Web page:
"Charles, you are making progress. That's good. That's what we all want to see." It's an important message from Judge George Economy, because if Charles Lewis Jr. ever wants to get out of prison, Economy's the one man he needs to convince.
"Though he is at the elementary stages of his reform and rehabilitation he is making progress and there have been changes in Charles Lewis," said Economy.
Lewis was found guilty of felony murder for his involvement in killing a 19-year old. It happened during an attempted drug robbery back in 2010. His father, Charles Lewis Sr., allegedly pulled the trigger, killing Shayla Johnson.
At the time of sentencing Lewis showed no remorse, something the victim's mother, Lori Black, lamented. "He said that he had no feelings about what had happened and that he did not care or think about me whatsoever."
But those who work closely with him say they have seen improvements during the last year. His social worker says he's starting to accept responsibility for what happened.
Psychologist John Harburg said Lewis told him he wants to be a better man. "I have to say that in his actions in his cooperation with treatment he is making good on that intention."
Lewis has long expressed the importance of school. At Maxey, he's taking a full academic course load and earning a "b" average. His overall gpa is 3.2.
DHS case worker Victor Bozzo said Lewis "wanted everybody to know that he wasn't a bad person and that he has changed since he has been to Maxey. And that is something he wouldn't have shared several months ago."
But some, like the victim's mother, doubt his change is sincere. "I don't want to completely put it to the side and say he doesn't mean it, but i just find it a little hard to believe that in sixth months you've completely turned yourself around." Black doesn't think a real change could happen that quickly. She hopes Lewis remains in prison as an adult.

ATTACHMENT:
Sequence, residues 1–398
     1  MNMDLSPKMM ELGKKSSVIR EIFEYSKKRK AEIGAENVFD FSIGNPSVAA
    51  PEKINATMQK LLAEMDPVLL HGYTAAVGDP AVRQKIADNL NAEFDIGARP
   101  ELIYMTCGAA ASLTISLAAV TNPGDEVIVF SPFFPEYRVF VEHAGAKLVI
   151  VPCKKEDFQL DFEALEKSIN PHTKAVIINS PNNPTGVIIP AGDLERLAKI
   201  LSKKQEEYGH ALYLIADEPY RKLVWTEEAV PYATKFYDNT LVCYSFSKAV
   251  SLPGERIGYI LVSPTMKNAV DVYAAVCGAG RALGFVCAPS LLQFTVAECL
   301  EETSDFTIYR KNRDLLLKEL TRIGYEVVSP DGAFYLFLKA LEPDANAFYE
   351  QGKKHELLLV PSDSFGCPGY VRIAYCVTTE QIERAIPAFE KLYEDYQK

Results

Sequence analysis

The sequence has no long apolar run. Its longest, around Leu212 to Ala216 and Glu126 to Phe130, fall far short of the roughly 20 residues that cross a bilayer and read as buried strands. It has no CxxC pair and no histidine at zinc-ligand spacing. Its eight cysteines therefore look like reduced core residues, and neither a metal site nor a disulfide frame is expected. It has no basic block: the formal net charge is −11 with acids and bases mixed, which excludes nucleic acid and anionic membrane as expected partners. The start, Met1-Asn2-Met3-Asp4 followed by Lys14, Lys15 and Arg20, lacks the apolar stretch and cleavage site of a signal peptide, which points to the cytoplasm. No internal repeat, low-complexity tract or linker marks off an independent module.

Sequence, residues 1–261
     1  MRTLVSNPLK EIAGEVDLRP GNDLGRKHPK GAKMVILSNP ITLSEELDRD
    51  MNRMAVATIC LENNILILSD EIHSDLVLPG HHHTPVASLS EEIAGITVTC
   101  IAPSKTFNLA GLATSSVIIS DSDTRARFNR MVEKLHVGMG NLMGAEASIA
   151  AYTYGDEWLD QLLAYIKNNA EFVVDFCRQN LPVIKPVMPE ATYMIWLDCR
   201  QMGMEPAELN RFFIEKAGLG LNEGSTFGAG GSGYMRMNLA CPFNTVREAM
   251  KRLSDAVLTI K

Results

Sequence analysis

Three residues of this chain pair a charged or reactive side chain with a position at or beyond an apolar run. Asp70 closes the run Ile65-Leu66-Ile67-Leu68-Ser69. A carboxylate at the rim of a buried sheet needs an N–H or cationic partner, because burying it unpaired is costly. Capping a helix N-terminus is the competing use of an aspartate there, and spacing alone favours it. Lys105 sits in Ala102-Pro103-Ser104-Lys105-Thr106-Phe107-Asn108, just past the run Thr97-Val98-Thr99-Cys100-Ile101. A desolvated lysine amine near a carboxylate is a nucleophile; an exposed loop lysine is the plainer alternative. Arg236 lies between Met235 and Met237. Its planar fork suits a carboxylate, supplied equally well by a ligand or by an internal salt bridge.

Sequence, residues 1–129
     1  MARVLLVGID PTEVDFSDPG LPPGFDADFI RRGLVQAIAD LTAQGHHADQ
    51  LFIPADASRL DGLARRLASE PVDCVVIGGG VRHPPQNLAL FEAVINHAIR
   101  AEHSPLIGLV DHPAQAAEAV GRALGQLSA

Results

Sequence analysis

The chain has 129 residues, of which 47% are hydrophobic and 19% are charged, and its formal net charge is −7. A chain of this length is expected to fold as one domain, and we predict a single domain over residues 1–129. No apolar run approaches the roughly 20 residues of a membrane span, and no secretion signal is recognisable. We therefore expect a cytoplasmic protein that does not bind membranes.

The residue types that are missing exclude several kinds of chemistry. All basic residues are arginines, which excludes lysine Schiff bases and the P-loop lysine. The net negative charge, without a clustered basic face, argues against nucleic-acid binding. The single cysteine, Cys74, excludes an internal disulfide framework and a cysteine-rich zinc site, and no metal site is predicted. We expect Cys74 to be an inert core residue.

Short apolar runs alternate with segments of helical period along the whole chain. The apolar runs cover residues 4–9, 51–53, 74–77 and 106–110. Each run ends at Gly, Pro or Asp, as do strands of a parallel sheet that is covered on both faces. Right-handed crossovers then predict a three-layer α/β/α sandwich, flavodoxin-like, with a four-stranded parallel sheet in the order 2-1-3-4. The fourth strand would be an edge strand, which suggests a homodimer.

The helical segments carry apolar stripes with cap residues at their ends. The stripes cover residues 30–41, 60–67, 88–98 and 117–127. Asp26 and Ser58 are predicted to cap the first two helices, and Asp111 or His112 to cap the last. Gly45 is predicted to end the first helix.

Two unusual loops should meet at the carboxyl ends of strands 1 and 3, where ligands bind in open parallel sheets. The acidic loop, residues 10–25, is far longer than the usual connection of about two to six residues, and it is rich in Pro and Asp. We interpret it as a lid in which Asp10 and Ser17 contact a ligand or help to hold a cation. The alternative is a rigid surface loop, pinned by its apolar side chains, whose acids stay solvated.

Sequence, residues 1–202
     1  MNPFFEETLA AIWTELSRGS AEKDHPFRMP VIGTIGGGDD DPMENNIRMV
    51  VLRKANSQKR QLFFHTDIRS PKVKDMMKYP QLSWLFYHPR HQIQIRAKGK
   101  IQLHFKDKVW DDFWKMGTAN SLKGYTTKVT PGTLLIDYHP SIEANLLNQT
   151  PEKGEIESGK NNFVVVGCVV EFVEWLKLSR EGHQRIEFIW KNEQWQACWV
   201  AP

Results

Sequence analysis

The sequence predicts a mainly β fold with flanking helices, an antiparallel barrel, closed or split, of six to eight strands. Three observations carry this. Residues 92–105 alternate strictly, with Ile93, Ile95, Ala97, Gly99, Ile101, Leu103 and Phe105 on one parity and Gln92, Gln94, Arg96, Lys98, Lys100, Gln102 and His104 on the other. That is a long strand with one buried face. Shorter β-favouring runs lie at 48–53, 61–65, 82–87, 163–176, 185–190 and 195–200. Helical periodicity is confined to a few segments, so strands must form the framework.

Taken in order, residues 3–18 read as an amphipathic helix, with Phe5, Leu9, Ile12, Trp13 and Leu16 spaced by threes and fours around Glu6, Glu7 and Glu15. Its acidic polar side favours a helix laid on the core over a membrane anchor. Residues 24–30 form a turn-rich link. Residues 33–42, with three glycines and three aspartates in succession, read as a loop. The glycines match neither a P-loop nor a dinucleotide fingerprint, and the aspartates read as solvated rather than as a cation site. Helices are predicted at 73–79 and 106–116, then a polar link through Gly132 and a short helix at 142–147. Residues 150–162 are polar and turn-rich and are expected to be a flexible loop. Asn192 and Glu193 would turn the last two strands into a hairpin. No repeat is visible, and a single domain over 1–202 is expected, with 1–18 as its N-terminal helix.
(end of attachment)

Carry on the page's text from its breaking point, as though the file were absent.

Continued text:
"He asked his father to get him a gun so he could participate in this crime. 4 people have been under the misunderstanding that his father took him along to commit this horrible crime, it was more of the other way around," said Ingham County prosecuting attorney Stuart Dunnings III.
Lewis' defense attorney Keith Watson says he just doesn't agree. "If what you are telling me is that somebody has painted Charles as a leader in this case. I think that's ridiculous. That's laughable. He's by far the youngest of anybody that was involved in this."
At Maxey, Lewis has secured a job and plans to use the money to pay restitution to his victim's family. It's progress that Judge Economy wants to see, but the growth inside Maxey hasn't been without setbacks and mistakes.
While at Maxey, Lewis has been involved in gang activity. He was showing signs, was found with prohibited items, and refused to eat foods that were against the gang's code of ethics.
When it came time for his one year review, Lewis wrote Judge Economy a letter. The judge said he doesn't get too many "thank-you's" from people he's put in detention.
In the letter Lewis writes: "I understand that being negative does not get you anywhere in life but dead or in jail. I do not want to live that lifestyle anymore. Knowing I was a part of taking Shayla Johnson's life hurts me daily... I can honestly say that I am not the same person I was... My goals are to become a young man who is positive, productive and successful."
Lewis will next prove he is accomplishing that goal when he sees the judge on October 8.
"If he has a feeling about somebody else's life or a feeling, that means that there's hope for him maybe," said Lori Black.
But some doubt he will ever be "successful."
Prosecutor Dunnings said, "At this point in time if you asked me would I feel comfortable about the safety of our community if he was released back in the community, it would be a resounding definite adamant no."
Over the last six years, the juvenile justice system has helped 355 youth. Of those, 85 percent have not served prison time since their release.